In life, there are certain aspects and elements that become more emphasized as we mature into our societal roles. For instance, income becomes a need the more independence we seek. As the transactional utility under which our economy operates, sustaining an income is a necessity for most of the world. However, when it comes to financial practices, there is a clear distinction between those who have a keen sense of budgeting; and those who don’t. In the context of a business, a family, a single person, or even a non-profit: spend management is a critical component to financial longevity and operational optimization.
There are many aspects to spend management, and all of them are just as important as the last. However, one of the most elusive aspects of a spend management plan is tail-end spend. Procurement managers and business leaders dread discussing tail-end spend, as it’s one of the most difficult aspects of the budget to manage but it significantly impacts a company’s bottom line.
Understanding Tail End Spend
Before we look at management tactics for tail-end spend, it’s important to come to an understanding of what the term means.
The most common definition for tail-end spend is the 80/20 rule. For those of you new to procurement, tail-end spend is typically defined as 80% of the company’s transactions that only account for around 20% of the actual total company spend.
The reason this 20% of spending is so difficult for companies to wrap their heads around is because of the category under which these transactions fall. In other words, these are the small transactions that make up everyday purchases, and other transactions that have low associated costs.
Meanwhile, procurement professionals are focused on securing multi-year contracts on bigger deals with long-term partners. These larger purchases account for the majority of the company’s total spend year after year but are fewer in number.
The 80/20 rule is not infallible, however. Many companies will find that their ratio is slightly different, whether that be 70/30 or 90/10 or something else entirely. The point to be made is that it’s vital to define what tail-end spend means for your company.
This goes beyond the ratio, however, and your company should dedicate time to defining which transactions are categorized as tail-end spend. This will help your accounting and finance teams more clearly and accurately identify tail-end spend patterns and assist in their attempts at managing tail-end spend.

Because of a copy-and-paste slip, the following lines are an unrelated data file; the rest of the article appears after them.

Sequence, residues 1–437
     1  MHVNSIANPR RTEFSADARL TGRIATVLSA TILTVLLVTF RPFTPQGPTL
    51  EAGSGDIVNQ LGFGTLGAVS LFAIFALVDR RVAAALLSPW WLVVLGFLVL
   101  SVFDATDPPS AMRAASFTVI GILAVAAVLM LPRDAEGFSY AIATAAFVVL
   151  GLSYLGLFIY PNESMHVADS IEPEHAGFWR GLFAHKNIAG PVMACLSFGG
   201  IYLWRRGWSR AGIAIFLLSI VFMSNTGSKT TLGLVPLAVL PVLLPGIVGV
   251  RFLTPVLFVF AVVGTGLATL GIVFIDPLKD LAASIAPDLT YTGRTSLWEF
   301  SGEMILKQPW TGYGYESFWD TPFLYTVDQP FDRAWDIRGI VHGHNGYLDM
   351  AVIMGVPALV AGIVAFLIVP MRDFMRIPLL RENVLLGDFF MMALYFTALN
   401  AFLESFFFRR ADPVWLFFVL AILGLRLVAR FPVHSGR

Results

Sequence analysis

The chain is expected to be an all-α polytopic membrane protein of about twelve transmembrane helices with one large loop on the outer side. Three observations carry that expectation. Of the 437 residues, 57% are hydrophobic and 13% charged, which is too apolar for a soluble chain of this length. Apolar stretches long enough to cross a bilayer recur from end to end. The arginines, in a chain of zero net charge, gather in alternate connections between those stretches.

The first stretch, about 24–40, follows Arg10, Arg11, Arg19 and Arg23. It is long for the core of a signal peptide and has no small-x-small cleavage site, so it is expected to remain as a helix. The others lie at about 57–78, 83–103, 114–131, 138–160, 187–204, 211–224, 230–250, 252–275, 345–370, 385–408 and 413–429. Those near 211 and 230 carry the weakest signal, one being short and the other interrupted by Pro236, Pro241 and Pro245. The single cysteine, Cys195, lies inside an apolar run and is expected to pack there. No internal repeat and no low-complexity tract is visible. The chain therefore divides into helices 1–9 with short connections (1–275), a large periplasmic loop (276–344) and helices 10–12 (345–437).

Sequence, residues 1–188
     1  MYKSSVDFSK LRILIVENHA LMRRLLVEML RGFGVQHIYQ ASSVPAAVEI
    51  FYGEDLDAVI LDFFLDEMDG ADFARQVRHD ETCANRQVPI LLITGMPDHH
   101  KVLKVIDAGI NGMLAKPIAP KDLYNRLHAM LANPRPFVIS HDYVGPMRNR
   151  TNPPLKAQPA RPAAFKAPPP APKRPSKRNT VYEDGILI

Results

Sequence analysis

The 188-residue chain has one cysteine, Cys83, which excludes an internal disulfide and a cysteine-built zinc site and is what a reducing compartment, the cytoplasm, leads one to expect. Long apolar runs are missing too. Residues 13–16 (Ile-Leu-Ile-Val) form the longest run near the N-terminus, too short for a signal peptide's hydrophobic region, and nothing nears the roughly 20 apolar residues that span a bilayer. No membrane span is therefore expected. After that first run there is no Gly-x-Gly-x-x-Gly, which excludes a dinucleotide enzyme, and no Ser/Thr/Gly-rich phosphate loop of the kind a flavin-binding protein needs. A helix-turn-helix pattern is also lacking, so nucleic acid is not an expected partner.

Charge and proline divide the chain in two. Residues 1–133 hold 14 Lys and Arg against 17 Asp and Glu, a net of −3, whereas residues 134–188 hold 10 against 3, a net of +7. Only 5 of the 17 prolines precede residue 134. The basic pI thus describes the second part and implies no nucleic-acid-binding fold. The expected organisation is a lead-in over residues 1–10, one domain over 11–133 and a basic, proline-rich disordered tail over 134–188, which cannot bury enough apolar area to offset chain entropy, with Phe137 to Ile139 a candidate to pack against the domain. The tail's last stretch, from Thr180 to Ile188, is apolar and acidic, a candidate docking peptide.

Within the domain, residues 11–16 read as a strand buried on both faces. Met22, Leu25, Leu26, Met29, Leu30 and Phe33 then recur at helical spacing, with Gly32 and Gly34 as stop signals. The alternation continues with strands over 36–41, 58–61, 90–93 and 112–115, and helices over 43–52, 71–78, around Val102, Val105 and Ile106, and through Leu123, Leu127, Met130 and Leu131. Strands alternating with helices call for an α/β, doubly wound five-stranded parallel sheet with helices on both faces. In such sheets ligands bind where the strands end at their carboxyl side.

Tail Spend Management Practices
There are a few major obstacles that make it difficult to manage tail spend. However, as more advances are made in technology and the tail spend management software that procurement professionals rely on, there are more ideas and tactics for tail-end spend management processes than there ever have been before.
The biggest issue that most companies face in attempting to address their tail-end spend management is a lack of spend data and real-time visibility. This is because, again, there is no single definition for tail-end spend, and every organization is going to find slightly different difficulties in their spending management strategies.
Knowing that data and information is one of the key ingredients, there are a few first steps that you should take in crafting your tail-end spend management plan. The very first of these steps is to, as is mentioned above, define what tail-end spend is for your company specifically.
This can mean identifying the ratio that is most optimal for your company but should also include identifying categories of purchases and transactions that are accounted as tail-end spend.
Once these identifications are clearly made, your accounting and finance team can then review current spending and previous spending to conduct an internal analysis of sorts. The results of the analysis should reveal what your company’s current tail-end spend ratio is, as well as pull your attention to poor spending habits within tail-end spend.
Knowing that data is the key ingredient here, it’s important to address your procurement team’s data collection strategy. To gather information on tail-end spending and put those analytics to use; you should consider streamlining purchase activities that are related to tail-end-spend. This will allow the swift collection of data for your procurement team to actively analyze, saving time and money. In turn, leading them to make more informed decisions about tail-end spend and how to minimize it.
Spend management is a robust and layered topic. For more information on spend management practices, or if you’re in the market for procurement software, feel free to chat with us.